CATONSVILLE, Md. — In today’s digital age, maintaining a positive reputation online is a big part of marketing a business and attracting new customers. To that end, whenever a negative review pops up many business managers and owners feel inclined to respond to the reviewer and give their side of the story. Well, a new international study focusing on hospitality services finds that this approach usually does more harm than good.
According to researchers, if a hospitality business responds to a negative review it will only encourage and stimulate more negative reviews. The study’s authors say that customers are more likely to write negative reviews if they feel their words will influence the business. In other words, if a business responds to a negative review, it will embolden others to write more negative reviews.
The study focused on “dynamic-quality” businesses, such as hotels, or other hospitality / travel services, as opposed to “static-quality” businesses, which would be a more traditional store simply selling products. Researchers say it is important to make this distinction because patrons’ experiences at more dynamic-hospitality centered businesses are much more dependent on direct managerial involvement.
“In the case of static-quality goods and services, such as a review of a product purchase on Amazon, the reviewer’s audience is more than likely other consumers,” author Yaniv Dover explains in a release. “But when reviewing dynamic-quality goods and services, the reviewer could be motivated by an intent to impact the manager, and not just other consumers.”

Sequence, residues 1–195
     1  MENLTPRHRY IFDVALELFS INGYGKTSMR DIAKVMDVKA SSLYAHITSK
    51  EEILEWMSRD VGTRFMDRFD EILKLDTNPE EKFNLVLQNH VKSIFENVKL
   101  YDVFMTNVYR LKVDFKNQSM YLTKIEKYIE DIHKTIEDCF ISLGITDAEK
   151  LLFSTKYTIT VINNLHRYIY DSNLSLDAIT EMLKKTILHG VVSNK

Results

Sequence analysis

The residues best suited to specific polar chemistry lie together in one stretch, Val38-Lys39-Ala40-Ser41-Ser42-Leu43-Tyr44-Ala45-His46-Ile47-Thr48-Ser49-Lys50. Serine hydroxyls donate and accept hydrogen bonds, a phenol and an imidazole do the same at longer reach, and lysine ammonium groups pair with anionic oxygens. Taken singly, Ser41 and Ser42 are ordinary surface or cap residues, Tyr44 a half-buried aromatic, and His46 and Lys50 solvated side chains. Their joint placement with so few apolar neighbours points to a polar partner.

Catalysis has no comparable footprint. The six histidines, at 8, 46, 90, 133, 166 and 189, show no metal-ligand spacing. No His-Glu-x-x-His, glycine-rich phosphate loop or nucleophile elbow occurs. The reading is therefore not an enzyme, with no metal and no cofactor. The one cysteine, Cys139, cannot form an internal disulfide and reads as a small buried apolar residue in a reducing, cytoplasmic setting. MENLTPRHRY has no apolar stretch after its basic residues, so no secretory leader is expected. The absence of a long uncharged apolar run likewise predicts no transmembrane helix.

Online reviews were analyzed from websites such as TripAdvisor, Expedia and Hotels.com. Overall, the authors found that managerial responses were more likely to stimulate reviewing activity.
“Based on our research, we believe that managerial response activity disproportionately stimulates negative review production since the negative feedback may be seen by reviewers as particularly impactful,” adds Dover.
Researchers collaborated on the study from Yale University, the Hebrew University of Jerusalem, and the University of Southern California.
The study is published in the journal Marketing Science.